Computed tomography (CT) is the most common 3D process used for bone imaging. This is due to the fact that simple thresholding is usually sufficient to identify the bone tissue, based on its higher attenuation of X-rays as compared to soft tissues. The representation of a tridimensional model out of the many bidimensional CT slices has become a valuable and necessary process in many medical applications, enabling 3D observation of fractured bones and registration of other images using bones and skeleton as a region of interest.

Bones and Skeleton Segmentation

However, only cortical bone offers the favorable high density needed to differentiate it from soft tissues. A large proportion of the human skeleton is made of porous spongy bone, which provides structural support and flexibility without the weight of compact bone. This spongy (or cancellous) bone offers only low X-ray attenuation, resulting in data density equal to or only slightly higher than that of soft tissues. This is even truer among elderly patients, who are the population most suffering from bones weaknesses and diseases.

The actual intensity scale used in CT as a measurement to assess bone density is the Housfield unit (HU): by definition, air has a value of -1000 HU and water has a value of 0 HU. Bones range from several hundreds to +3000 for dense bone.

Manual image editing and segmentation has long been used to extract bone geometry, but it is an extenuatingly long process with high inter-operator variability. Whatever the methods for segmenting CT images, a manual correction is usually called for in the bone contouring process.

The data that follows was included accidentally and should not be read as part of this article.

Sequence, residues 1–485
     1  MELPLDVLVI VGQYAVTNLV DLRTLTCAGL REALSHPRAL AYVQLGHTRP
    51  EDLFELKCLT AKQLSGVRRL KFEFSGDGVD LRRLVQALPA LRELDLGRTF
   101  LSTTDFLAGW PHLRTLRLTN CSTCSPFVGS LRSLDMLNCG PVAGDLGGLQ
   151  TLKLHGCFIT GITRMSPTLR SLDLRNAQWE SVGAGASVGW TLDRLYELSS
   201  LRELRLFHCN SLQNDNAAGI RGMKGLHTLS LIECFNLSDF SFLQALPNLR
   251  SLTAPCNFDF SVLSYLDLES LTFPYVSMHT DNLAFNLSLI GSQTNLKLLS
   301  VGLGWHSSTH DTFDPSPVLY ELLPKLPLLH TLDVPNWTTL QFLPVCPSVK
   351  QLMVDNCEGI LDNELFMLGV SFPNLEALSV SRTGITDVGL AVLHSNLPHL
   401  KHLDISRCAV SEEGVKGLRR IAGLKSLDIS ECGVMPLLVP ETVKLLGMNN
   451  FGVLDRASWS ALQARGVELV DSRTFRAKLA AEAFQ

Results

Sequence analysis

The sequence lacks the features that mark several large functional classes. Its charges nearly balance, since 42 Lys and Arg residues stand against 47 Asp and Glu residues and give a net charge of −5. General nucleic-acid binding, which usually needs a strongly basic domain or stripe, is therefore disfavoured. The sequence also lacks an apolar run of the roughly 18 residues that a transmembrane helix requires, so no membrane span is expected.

The solution suggested by RSIP Vision follows an automatic segmentation procedure in which the threshold was binarized giving a value of 1 to bone and 0 to soft tissues. After counting the connected components (representing the soft tissues), the procedure is repeated in such a way that at every iteration we always increase the value of intensity of the threshold. With the results of these iterations we build a histogram comparing the connected components to the threshold.

We obtain a curve including a big number of connected components: this number is progressively reduced when threshold intensity values are augmented until the optimal segmentation of bones and skeleton is achieved.

We have found this method particularly fast, regardless of whether contrast was used in the CT scans. In fact, images taken with contrast generally display blood with an intensity which is similar to bone; our technique is able to overcome this challenge and to deliver fast and satisfying bones segmentation and skeleton segmentation to our client.

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